(“cocoproducts” would just be products; “a comathematician turns cotheorems into ffee”. **Warning:** the notation 1 for a terminal object – used in Homework 2 – is **incompatible** with the notations for linear logic that will be used in the second half of the course. But the 0 of linear logic does correspond to an initial object.)

**Lecture 5 (5 Dec).** Examples of initial objects and coproducts (in Mon/Grp: singletons are initial; coproducts exist but are complicated). *Cartesian* categories: *chosen* products and terminal objects (and dually: cocartesian categories). Up to isomorphism, × is commutative, unital and associative – proof of the latter via ternary products (cartesian categories have all finite products). Extension of × on objects to a functor. *Natural transformations* (motivation: in what way is this functor compatible with the aforementioned isos?).

(Cartesian categories are a typical example of structure, not just property!)

**Homework 3**: due on 12 December.

**Lecture 6 (7 Dec).** Generic functions between data structures (e.g. Option ⇒ List) as natural transformations. Naturality of structural morphisms in a cartesian category. Combining natural transformations and functors. *Category of functors* [C,D]; natural isomorphisms. *Isomorphism of categories* between Rel and Rel^{op} versus *equivalence of categories* between Set/I and Set^{I}. The correspondence between monoids (resp. preorders) and small categories with 1 object (resp. with …) is an equivalence of categories. *Full*, *faithful* and *essentially surjective* functors; FinSet is equivalent to a full subcategory with 1 set for each cardinality.

(Set/I is the slice category of Set over I ∈ ob(Set); its equivalence with Set^{I} is the simplest example of an important pattern (e.g. fibrations vs indexed categories, …) that appears in the semantics of dependent type theory.)

**Lecture 7 (12 Dec).** Horizontal composition of natural transformations. Proof of interchange law. Equivalences of categories can be composed: “being equivalent” is indeed an equivalence relation on categories. *Representable functors* e.g. pairs as Set({1,2},–) or Mon({1,2}*,–); contravariant powerset functor. Products vs representability, *pairing* of two morphisms X → A and X → B. For F : C → D, correspondence between *representations* of D(X,F(–)) and universal morphisms from X to F.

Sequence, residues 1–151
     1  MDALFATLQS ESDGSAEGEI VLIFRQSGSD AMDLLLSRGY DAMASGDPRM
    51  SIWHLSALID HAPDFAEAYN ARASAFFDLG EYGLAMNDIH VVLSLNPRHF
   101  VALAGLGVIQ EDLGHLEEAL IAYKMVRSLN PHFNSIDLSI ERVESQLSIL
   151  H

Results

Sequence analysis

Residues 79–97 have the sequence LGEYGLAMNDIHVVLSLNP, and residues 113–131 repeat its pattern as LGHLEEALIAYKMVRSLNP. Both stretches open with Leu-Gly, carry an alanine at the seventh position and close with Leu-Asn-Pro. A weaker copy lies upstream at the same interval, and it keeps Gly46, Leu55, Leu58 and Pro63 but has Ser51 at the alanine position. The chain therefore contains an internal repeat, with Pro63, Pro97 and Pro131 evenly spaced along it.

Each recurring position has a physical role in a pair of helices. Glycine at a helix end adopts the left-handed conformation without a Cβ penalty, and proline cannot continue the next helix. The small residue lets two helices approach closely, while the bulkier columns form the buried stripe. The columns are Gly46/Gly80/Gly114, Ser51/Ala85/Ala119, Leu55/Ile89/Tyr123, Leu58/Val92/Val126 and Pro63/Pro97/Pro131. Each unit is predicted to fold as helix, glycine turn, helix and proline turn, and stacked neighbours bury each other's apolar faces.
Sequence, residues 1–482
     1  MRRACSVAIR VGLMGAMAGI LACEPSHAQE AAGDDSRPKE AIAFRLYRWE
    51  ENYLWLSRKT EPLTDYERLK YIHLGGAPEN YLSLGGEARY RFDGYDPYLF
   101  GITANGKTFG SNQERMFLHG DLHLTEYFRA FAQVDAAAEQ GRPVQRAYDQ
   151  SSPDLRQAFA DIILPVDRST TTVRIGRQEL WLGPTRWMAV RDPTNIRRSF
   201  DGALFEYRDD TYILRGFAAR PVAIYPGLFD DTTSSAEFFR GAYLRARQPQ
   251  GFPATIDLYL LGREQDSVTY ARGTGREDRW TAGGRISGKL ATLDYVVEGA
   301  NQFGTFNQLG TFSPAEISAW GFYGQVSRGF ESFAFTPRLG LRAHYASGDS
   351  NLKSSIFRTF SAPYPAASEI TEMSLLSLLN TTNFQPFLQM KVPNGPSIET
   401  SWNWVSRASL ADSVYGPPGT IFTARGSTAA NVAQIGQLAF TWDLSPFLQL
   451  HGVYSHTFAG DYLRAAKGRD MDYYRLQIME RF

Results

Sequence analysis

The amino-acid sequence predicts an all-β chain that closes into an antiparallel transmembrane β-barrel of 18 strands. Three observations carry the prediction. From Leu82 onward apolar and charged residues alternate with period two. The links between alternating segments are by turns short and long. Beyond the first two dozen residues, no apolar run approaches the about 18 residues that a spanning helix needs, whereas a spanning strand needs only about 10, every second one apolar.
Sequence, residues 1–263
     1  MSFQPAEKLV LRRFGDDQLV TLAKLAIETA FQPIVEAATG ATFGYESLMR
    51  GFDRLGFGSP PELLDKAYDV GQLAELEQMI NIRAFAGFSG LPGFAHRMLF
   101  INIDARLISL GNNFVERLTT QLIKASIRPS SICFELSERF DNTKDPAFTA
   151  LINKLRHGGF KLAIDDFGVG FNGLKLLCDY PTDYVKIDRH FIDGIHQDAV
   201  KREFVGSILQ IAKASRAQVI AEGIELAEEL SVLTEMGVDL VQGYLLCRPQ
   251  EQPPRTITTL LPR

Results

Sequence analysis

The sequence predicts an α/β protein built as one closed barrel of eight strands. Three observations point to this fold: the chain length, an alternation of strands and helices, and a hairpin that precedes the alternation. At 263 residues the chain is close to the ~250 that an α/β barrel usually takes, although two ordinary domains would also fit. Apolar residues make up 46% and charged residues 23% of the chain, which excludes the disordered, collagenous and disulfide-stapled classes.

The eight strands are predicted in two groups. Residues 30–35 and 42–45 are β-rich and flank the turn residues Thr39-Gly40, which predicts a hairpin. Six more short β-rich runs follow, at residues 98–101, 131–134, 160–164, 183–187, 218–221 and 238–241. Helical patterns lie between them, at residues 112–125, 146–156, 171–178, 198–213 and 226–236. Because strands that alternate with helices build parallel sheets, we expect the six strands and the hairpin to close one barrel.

**Homework 4**: due on 19 December.

**Lecture 8 (14 Dec).** Examples of the above correspondence (free monoids; binary (co)products; Set((–)×A,B) ≅ Set(–,A→B) yields the evaluation map with its universal property). Unique extension of a family of universal morphisms from X to F (resp. F to X) for each X into a *left adjoint* (resp. *right adjoint*) functor equipped with a natural *unit* (resp. *counit*), e.g. the free monoid functor with the “`List.map`

operation”. Left/right adjoints are unique up to unique natural isomorphism. The “representable” point of view: L is left adjoint to R ⇔ C(L(X),A) ≅ D(X,R(A)) naturally in both X and A ⇔ (miraculously) R is right adjoint to L. The counit of the free/forgetful *adjunction* between monoids and sets is related to “fold” in functional programming.

(Actually, it’s precisely Haskell’s `mconcat`

.)

**Lecture 9 (19 Dec).** Examples of adjunctions (previous examples of universal morphisms; Set/Rel with covariant powerset; left *and* right adjoints to forgetful functor PreOrd → Set), with their units and counits. Non-example: the forgetful functor Mon → Set has no right adjoint (no proof yet). Composition of adjunctions. *Triangle identities* → alternative definition of adjunctions. *Monads* defined as (M,μ,η) where η : Id ⇒ M is the unit of an adjunction and µ : M∘M ⇒ M is derived from its counit. Examples over Set: List (via Mon), covariant powerset (via Rel), state monad (product/arrow adjunction). Intuition: monads over Set model *effectful computations*. “Bind” operation `x >>= f`

for x ∈ M(A) and f : A → M(B).

**Homework 5**: a bit longer than usual, due on 16 January.

**Lecture 10 (21 Dec).** Canceled because of a campus blockade protesting against the recent immigration bill. Here’s a **handout** covering the material that was supposed to be in this lecture. (Kleisli categories, monads as internal monoids in categories of endofunctors. Representable and adjoint functors preserve products. Very quick introduction to (co)limits.)

# References

- Steve Awodey,
*Category Theory* - Benjamin Pierce,
*Basic Category Theory for Computer Scientists*

More mathematically-inclined students may also consult Emily Riehl’s *Category Theory in Context*.